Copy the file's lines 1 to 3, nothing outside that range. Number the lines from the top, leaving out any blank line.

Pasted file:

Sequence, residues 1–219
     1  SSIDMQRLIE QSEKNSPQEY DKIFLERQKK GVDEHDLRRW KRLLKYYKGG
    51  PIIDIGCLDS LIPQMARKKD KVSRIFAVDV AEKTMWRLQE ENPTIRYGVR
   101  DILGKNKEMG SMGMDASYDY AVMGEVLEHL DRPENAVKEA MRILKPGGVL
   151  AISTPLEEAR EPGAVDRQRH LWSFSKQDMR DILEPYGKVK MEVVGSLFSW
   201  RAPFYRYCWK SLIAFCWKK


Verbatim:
Sequence, residues 1–219
     1  SSIDMQRLIE QSEKNSPQEY DKIFLERQKK GVDEHDLRRW KRLLKYYKGG
    51  PIIDIGCLDS LIPQMARKKD KVSRIFAVDV AEKTMWRLQE ENPTIRYGVR